What can we learn from rising rice production in Senegal?

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What can we learn from rising rice production in Senegal?

Katrin Glatzel

24 Apr 2018

3min min read
  • Agriculture and Food Policy

dèye lives in a small town in northern Senegal, close to the border with Mauritania. She is the president of a union of women rice producers who are doing something different in their community: Training the next generation of women in agribusiness.

The average Senegalese consumes about 85kg of rice each year. The government has therefore embarked on efforts to become self-sufficient in the staple crop, providing protection from price fluctuations and enabling farmers and those working in the sector to thrive.

There is also a growing demand for rice. By 2027 consumption is projected to rise to 95kg per person per year. To meet this demand, rice production needs to increase. For that to happen, there must be improvements in irrigation techniques and the quality of and access to seeds and fertilizers. Ndéye and her colleagues decided to organize themselves and pool their resources to be in a better position to harness the opportunities the growing rice sector offers.

All over Africa similar opportunities to increase the local production of staple crops such as maize, millet, and sorghum can be found. This could provide much-needed employment prospects, especially for young people in rural areas, by creating businesses that add value to the processing of crops.

Being a young person in Africa right now isn’t easy. Half of young people are out of work. Another 50 million are engaged in insecure informal employment, where they could be working only for a few hours a day, or working for long hours for very low wages. With the number of young people in Africa dramatically increasing every year, the UN Food and Agriculture Organisation (FAO) recently estimated that the continent will need to create 12 million new jobs over the next 20 years to harness the demographic dividend.

This is a staggering number. If seen as an opportunity, harnessing the labor of millions of young people could help Africa continue to drive high levels of economic growth over the next decade. But, if not, it could also lead to increased migration from rural to urban areas, between countries and continents — and to conflict and increased poverty. In 2016, 3 800 people died trying to cross the Mediterranean and gain entry to Europe. Most were not refugees, but economic migrants looking to make better lives for themselves. Between January and June 2017, 4834 migrants and refugees from Senegal arrived in Italy by sea via the Mediterranean route, a slight increase from the same period in 2016.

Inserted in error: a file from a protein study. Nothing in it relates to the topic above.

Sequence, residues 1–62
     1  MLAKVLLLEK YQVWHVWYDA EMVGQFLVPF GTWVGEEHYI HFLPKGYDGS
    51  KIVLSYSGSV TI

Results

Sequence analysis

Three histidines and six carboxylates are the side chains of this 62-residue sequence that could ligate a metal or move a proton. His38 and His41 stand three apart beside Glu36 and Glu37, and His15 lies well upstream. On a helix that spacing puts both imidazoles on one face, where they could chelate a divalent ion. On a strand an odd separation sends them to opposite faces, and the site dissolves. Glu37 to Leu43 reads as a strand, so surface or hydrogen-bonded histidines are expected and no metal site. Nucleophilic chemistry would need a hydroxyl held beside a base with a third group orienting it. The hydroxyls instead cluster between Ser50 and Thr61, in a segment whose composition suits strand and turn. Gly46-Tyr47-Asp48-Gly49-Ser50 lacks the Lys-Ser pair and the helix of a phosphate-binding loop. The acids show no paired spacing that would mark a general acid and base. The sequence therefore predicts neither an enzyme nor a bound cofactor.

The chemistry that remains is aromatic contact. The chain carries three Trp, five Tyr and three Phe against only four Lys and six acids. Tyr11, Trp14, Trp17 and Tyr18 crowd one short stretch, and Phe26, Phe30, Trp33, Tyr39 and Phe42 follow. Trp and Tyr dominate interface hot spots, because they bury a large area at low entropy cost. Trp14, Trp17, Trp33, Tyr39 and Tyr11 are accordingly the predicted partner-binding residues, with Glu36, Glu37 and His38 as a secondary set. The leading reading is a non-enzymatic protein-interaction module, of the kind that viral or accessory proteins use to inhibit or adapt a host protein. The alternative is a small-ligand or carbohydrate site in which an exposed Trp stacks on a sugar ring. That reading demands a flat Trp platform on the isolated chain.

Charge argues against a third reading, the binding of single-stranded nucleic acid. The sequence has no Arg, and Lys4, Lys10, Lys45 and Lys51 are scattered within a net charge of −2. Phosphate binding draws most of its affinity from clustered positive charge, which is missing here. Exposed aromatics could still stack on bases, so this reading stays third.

Agriculture is the one sector that could provide much-needed employment opportunities for Africa’s young people and help to keep them in their communities. Agriculture is already the biggest employment sector, with over half of the continent’s population working on farms and in agriculture-related businesses.

In Senegal, 46 per cent of people work in agriculture. Two thirds of Senegal’s population is under the age of 18 and approximately 200 000 young people enter the job market each year fighting for around 30 000 formal jobs. Most informal jobs are in agriculture in rural areas, but the sector is lacking in productivity — it generates only around 16 percent of GDP — hindering the creation of much-needed jobs and prospects of improved livelihoods.

Ndèye’s union provides one solution. She represents over 1 800 women across all age groups who are working together to farm around 300 hectares of land. She welcomes young people and helps them to learn new skills in the Union. As a group, they invested in a small rice milling facility and the rice they produce gets delivered locally, but also to the capital city, Dakar. They named their product Riz Reine (Rice Queen) and built it up to be a trusted brand.

Ndèye and her colleagues have established a thriving business and are scaling it up to provide more jobs for young people in positions like bookkeeping. Approaches like this for inclusive growth, where opportunities are actively created for young people in low-income areas, could build resilience in key cereal value chains, including rice. Their success proves that Africa needs to invest in more programs like this.

To stem migration and create more jobs for young people in rural areas it is crucial that the government and private business learn from the successes made in Senegal’s rice sector. Investments must be made in creating the markets for small and medium-sized local agribusinesses to thrive, as well as in skills development, training and education for young people. Policies must urgently be designed that support young people in the agriculture sector to thrive and to fulfil their ambitions and goals.

This post was republished from our content partner, the International Food Policy Research Institute (IFPRI).

(Main image: Georges Gobet/AFP/Getty Images)

The opinions expressed in this article are those of the author(s) and do not necessarily reflect the views of SAIIA or CIGI.